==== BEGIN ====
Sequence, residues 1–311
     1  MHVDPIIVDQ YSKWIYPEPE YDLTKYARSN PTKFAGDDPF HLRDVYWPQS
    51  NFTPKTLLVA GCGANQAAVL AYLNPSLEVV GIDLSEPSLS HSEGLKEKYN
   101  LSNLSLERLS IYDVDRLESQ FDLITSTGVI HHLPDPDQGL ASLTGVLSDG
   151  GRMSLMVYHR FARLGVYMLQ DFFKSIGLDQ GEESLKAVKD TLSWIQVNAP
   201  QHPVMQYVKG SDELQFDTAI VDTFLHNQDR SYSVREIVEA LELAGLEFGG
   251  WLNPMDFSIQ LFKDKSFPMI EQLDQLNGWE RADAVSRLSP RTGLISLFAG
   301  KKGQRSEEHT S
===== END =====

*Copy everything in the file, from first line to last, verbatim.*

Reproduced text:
Sequence, residues 1–311
     1  MHVDPIIVDQ YSKWIYPEPE YDLTKYARSN PTKFAGDDPF HLRDVYWPQS
    51  NFTPKTLLVA GCGANQAAVL AYLNPSLEVV GIDLSEPSLS HSEGLKEKYN
   101  LSNLSLERLS IYDVDRLESQ FDLITSTGVI HHLPDPDQGL ASLTGVLSDG
   151  GRMSLMVYHR FARLGVYMLQ DFFKSIGLDQ GEESLKAVKD TLSWIQVNAP
   201  QHPVMQYVKG SDELQFDTAI VDTFLHNQDR SYSVREIVEA LELAGLEFGG
   251  WLNPMDFSIQ LFKDKSFPMI EQLDQLNGWE RADAVSRLSP RTGLISLFAG
   301  KKGQRSEEHT S